structure in memory processes, and damages to this area of the brain could lead to severe amnesia (21).
According to the reports, the induction of epilepsy in rats by PTZ causes disruption in passive avoidance memory and
reduces the secondary latency time of entering the dark room in the shuttle box test, which is consistent with our
In our study, Biarum carduchrum extract significantly improved spatial memory and passive avoidance
memory in the rats receiving PTZ. It can be concluded that Biarum carduchrum extract prevents memory
destruction by preventing damage to the tissues involved in the memory and learning processes. Quercetin as the
major flavonoid component of Biarum carduchrum ethyl acetate extract can improve learning and spatial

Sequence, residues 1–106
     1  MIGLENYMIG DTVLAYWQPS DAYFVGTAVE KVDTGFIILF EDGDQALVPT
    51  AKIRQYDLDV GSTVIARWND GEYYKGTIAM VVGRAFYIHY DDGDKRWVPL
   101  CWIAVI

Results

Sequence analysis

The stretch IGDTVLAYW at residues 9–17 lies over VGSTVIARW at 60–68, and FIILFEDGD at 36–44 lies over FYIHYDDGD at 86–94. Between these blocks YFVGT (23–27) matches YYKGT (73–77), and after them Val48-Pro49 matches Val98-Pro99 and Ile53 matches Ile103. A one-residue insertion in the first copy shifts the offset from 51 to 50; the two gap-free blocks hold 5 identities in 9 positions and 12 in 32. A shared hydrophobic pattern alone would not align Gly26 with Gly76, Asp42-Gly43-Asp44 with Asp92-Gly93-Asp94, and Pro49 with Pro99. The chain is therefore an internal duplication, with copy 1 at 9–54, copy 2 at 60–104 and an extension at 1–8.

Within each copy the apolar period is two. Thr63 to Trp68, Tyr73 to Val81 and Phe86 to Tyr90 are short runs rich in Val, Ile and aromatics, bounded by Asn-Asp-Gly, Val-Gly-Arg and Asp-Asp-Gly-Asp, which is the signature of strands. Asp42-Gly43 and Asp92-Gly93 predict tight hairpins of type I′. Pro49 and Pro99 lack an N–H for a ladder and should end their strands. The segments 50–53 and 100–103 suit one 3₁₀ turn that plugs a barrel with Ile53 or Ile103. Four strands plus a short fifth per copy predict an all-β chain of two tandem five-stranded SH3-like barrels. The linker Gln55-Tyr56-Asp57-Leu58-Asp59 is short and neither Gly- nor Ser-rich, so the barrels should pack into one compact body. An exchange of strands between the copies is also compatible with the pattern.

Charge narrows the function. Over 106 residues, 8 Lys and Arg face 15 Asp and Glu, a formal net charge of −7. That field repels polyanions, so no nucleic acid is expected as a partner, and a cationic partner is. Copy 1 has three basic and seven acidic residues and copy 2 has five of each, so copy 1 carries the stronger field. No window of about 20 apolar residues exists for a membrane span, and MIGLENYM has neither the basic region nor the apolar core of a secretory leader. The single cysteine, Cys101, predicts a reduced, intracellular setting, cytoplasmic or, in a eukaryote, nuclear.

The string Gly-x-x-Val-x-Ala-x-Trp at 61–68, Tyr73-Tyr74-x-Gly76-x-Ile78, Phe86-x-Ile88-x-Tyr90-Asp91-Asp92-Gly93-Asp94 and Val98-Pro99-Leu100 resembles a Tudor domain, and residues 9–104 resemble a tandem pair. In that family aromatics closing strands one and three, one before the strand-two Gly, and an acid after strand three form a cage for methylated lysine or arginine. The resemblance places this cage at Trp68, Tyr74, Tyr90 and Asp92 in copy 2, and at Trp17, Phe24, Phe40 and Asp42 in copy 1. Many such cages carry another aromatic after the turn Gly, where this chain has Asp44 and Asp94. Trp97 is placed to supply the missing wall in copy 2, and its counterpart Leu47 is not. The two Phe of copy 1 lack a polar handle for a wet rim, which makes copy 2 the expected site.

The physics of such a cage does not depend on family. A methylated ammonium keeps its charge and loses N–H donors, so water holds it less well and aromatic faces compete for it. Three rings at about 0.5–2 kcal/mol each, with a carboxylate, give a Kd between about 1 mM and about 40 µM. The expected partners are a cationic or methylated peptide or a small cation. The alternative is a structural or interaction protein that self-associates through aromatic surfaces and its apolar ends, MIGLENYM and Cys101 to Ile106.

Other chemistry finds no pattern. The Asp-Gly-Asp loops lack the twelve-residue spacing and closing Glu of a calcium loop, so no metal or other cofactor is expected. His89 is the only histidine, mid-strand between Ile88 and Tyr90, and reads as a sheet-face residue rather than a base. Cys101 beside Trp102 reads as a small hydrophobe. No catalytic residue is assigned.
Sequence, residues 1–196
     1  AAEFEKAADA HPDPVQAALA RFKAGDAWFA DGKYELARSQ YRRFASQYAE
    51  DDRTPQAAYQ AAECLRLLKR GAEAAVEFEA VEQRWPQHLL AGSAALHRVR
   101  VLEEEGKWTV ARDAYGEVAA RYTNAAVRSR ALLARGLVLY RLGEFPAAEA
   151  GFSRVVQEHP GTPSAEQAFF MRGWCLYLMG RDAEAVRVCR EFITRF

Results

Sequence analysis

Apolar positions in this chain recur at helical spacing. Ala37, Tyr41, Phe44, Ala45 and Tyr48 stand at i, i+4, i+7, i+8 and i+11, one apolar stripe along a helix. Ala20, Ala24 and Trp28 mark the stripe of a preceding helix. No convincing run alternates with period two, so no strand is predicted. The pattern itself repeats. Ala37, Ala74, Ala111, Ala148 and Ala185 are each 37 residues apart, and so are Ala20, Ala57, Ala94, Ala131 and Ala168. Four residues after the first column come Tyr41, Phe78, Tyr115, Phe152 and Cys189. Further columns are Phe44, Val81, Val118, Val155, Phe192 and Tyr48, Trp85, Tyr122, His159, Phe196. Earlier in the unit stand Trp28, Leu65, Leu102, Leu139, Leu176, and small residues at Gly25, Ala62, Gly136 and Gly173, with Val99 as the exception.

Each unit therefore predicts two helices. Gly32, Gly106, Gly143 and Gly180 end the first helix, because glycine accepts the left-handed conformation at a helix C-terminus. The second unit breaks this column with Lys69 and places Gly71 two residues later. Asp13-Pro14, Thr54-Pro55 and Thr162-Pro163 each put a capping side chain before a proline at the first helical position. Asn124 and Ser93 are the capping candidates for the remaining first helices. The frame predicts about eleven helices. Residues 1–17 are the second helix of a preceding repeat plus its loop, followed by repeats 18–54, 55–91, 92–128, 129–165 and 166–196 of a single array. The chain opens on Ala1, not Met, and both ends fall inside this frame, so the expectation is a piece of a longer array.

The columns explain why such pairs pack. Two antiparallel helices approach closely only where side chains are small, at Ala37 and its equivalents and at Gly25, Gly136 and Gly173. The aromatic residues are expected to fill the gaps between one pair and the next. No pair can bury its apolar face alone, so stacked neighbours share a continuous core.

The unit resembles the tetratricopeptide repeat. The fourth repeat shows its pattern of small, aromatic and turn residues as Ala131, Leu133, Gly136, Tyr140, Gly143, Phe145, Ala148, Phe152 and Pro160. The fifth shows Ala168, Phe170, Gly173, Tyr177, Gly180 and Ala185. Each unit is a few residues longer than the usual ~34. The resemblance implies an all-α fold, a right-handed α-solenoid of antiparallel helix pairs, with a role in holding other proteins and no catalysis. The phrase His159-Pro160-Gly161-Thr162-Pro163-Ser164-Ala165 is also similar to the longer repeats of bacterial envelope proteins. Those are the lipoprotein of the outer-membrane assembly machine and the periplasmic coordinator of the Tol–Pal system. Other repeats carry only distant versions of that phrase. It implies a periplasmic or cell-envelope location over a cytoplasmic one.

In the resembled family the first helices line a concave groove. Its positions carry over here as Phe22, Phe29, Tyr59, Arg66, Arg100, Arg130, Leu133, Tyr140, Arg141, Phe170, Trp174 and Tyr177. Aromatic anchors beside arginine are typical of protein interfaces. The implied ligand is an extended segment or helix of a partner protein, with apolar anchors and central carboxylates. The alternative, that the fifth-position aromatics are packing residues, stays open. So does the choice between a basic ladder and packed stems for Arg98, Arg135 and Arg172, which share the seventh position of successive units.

memory by reducing oxidative stress and increasing GSH in the mice (22). In
addition, a single dose of quercetin injected 1 h before receiving scopolamine was reported to improve memory and
learning in zebrafish (23).
Based on the evidence, patients with epilepsy have a significantly higher prevalence of depression than the
general population. Accordingly, depression is one of the serious medical and social problems in epileptic patients,
which affects the quality of life in these patients. In a study, depression was reported to affect almost half of
the patients treated in the epilepsy centers (24).
The administration of Biarum carduchrum extract significantly decreased the immobilization time in the
tail suspension test. Pre-treatment with quercetin as a bioflavonoid has increased the time of social interaction
and reduced the immobility time in mice, indicating its anti-anxiety and anti-depressant effects (25).
Quercetin also dose-dependently shortened the duration of immobilization in the forced swim test in
diabetic mice (26).
According to these studies, the antidepressant effects of Biarum carduchrum could be due to its high